Georgia school divided over efforts to start gay student support group

Two students’ efforts to launch a gay-straight alliance at Fannin County High School has divided the small town, Channel 2 Action News reported. 

Mason Rice and a friend hoped to start a student-led group to provide support for gay, lesbian, bisexual and transgender students as well as their straight allies.

But opinions on homosexuality are sharply divided in Fannin County, and the students’ plans have quickly become the talk of the town, according to Channel 2. 

“I feel like it’s very important because this town — there’s a lot of people who don’t support gay people,” Rice said. “I feel like if we had a support group to go to, that would be better for them.”

RELATED: Study: Gay students feel safer where gay-straight alliances exist

Not everyone agrees with those sentiments, however, and one student has started a petition to keep the would-be group off campus. 

The petition, titled “Don’t let homosexuality be pushed on students in Fannin County,” has received nearly 1,300 signatures in the past week. 

“I don’t believe that we should have any kind of sexual orientation clubs at our school,” parent Stephanie Ensley told the news station Tuesday. 

In a letter sent home to parents and students, Fannin Principal Erik Cioffi addressed some of the controversy surrounding the alliance’s efforts.

“Although some of the comments and conversations have been healthy and appropriate, there have also been several that are inappropriate and harmful to our student body,” Cioffi wrote. “I will start off by reminding everyone that the students walking our halls and attending our school today are the same students that have walked our halls and attended school yesterday, last week, last month, etc.”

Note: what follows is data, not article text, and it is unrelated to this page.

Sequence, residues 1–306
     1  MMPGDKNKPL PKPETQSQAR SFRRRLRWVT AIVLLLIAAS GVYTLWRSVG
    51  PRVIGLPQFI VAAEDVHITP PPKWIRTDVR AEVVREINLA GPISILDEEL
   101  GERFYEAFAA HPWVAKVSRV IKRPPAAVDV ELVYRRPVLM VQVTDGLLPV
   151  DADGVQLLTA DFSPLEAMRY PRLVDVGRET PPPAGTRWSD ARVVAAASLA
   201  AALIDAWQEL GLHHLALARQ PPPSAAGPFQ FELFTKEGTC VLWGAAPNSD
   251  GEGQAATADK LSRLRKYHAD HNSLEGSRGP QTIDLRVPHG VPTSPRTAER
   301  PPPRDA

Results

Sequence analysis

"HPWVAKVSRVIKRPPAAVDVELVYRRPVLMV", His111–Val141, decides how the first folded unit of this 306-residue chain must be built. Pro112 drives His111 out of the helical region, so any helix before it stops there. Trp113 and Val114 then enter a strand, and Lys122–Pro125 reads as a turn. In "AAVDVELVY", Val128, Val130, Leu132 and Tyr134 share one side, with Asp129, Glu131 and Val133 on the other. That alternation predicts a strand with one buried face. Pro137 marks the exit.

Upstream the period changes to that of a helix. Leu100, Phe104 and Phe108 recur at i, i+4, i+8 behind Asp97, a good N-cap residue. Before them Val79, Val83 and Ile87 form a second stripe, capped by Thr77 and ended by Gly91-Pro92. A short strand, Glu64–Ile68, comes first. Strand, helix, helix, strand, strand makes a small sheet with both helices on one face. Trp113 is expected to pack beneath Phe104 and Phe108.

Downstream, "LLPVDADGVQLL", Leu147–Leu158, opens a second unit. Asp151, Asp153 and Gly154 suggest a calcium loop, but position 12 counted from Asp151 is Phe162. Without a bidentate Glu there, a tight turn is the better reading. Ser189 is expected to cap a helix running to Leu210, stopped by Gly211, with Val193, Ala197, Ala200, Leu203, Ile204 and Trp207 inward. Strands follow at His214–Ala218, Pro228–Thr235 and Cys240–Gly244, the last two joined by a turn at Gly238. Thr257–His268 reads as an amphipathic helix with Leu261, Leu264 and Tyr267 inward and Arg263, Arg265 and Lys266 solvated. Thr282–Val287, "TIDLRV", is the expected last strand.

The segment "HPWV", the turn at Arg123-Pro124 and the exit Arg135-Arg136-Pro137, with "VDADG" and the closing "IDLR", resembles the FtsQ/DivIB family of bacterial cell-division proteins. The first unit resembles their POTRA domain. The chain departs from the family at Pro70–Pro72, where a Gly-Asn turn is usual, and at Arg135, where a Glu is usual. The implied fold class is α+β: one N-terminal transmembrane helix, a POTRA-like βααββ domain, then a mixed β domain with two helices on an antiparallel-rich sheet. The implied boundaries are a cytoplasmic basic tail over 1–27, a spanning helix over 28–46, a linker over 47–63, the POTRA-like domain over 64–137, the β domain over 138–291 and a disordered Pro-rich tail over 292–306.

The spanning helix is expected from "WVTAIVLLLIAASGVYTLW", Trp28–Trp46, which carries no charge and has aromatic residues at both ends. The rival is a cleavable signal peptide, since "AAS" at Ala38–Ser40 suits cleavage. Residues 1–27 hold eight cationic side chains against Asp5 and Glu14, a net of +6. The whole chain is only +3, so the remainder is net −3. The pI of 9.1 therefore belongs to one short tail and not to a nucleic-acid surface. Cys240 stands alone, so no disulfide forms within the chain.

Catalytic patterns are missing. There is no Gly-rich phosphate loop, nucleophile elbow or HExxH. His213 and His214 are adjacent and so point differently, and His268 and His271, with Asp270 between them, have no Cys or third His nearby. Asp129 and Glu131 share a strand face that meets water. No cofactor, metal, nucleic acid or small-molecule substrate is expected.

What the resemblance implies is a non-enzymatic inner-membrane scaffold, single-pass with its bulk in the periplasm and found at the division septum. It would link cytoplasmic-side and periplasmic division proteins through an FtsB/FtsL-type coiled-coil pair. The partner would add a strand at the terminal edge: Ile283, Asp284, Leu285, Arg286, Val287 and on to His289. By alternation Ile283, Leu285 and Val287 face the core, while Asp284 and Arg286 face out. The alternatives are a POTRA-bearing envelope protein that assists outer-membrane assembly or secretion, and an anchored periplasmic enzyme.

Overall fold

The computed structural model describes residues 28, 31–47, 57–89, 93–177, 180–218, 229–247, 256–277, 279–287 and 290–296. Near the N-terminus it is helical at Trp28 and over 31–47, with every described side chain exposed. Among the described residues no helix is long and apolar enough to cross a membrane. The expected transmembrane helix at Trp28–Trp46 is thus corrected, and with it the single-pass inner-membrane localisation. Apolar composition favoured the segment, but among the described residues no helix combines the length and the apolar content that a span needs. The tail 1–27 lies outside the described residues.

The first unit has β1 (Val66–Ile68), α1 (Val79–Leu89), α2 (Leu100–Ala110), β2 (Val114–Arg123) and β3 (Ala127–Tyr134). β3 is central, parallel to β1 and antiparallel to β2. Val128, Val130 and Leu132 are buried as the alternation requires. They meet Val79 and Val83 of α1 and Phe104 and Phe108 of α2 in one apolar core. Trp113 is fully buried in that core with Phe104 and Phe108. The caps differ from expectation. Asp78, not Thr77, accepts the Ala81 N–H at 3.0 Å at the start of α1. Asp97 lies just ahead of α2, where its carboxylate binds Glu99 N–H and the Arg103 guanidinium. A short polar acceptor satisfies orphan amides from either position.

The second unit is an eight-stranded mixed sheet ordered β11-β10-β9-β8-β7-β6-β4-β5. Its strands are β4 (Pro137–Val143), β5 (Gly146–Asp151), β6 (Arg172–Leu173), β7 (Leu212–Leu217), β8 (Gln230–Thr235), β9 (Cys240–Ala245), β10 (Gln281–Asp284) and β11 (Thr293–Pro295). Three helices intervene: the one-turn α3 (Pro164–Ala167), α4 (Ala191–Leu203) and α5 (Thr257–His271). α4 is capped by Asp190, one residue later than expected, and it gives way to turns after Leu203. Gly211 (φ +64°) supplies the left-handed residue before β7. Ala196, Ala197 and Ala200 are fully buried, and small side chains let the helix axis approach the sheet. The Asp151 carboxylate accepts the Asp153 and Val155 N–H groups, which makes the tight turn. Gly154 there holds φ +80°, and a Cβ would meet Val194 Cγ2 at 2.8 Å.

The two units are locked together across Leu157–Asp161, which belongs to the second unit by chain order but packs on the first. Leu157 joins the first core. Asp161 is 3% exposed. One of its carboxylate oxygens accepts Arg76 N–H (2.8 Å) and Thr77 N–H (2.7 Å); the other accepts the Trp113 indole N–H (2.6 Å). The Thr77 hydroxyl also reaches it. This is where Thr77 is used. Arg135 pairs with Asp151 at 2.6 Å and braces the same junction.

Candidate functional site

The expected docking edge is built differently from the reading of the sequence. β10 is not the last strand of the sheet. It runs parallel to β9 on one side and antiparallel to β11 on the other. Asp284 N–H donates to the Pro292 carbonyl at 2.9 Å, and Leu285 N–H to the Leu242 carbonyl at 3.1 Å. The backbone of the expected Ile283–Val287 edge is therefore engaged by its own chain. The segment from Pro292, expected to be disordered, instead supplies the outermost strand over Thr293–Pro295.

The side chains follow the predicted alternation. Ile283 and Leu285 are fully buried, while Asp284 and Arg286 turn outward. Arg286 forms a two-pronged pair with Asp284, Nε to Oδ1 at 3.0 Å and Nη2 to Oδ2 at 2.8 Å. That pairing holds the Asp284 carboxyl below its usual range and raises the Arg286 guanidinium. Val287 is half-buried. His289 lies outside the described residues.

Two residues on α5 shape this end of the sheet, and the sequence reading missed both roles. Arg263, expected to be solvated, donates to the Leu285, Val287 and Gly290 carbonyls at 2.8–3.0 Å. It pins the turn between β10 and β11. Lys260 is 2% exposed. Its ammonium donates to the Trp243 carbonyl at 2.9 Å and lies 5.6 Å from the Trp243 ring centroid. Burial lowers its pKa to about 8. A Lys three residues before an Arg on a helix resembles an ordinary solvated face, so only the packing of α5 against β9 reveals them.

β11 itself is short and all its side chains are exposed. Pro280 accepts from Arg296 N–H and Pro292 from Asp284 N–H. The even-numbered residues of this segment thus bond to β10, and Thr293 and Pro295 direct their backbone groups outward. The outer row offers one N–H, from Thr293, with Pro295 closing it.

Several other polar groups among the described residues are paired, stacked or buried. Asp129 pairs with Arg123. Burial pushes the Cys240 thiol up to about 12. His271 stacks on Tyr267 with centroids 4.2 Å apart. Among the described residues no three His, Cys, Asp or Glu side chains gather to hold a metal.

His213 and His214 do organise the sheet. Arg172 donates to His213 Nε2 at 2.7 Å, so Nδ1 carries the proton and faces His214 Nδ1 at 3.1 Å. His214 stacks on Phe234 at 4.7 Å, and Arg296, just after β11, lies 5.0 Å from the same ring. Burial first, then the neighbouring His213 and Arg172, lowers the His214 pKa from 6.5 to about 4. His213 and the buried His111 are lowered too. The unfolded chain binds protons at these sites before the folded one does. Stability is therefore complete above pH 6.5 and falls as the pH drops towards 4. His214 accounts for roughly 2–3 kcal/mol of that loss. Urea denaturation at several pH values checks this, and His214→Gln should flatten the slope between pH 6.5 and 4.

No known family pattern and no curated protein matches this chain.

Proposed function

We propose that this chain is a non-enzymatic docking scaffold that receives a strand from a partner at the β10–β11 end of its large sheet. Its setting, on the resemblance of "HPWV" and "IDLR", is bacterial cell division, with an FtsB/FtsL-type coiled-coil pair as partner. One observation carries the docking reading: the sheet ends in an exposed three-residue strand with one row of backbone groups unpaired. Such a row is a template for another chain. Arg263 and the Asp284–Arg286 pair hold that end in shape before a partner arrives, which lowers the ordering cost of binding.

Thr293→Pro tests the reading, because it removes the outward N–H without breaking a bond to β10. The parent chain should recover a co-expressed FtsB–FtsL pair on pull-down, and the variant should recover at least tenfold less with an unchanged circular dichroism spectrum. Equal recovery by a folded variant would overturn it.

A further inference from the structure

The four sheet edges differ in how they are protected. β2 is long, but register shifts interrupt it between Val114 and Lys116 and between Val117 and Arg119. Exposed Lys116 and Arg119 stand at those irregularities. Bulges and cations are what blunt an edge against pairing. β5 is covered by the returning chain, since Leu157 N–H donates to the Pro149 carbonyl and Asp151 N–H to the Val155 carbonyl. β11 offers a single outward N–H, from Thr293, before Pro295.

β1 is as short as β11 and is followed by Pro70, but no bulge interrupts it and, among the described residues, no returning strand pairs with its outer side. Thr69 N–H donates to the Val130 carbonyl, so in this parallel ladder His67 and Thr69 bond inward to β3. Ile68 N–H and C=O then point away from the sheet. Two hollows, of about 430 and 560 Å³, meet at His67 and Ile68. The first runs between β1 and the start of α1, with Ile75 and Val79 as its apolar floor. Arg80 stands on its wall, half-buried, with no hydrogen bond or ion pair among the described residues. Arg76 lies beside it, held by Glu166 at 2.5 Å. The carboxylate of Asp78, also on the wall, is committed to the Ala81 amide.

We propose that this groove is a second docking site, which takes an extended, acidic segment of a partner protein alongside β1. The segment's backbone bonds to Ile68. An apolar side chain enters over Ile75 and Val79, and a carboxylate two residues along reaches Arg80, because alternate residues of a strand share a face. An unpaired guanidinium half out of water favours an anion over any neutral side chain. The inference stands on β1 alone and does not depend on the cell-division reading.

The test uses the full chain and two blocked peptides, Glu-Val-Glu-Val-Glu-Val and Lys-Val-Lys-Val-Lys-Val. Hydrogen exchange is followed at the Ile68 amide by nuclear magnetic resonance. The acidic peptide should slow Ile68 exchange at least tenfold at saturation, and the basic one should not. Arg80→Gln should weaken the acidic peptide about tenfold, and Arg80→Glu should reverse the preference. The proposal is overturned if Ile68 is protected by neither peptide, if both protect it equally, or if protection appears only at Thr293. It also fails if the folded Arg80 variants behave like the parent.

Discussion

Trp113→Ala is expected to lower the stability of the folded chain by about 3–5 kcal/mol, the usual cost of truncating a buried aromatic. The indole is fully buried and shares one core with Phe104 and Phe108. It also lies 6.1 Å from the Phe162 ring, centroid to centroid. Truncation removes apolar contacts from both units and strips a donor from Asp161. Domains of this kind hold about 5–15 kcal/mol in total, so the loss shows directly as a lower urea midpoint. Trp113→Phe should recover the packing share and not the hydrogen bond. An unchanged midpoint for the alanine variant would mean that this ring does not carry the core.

Under the school’s rules for starting a new club, it’s too late in the year for the gay-straight alliance to be started now, the news station reported. 

To become a club, the letter said, an organization must be student-initiated, have at least 10 members and have a certified teacher as a sponsor.

An online petition started by Rice to get more support for his club has received nearly 2,400 signatures.

The top comment is from a former Fannin County student who said she was too afraid to come out in high school, but may have felt safer and more accepted if there was a club for students like her.

“I feel like there shouldn’t be any bullying,” Rice said. “I feel like we should all come together as a community and just accept people for who they are.”

Though it’s too late to start their club this year, the students say they will try again next year.

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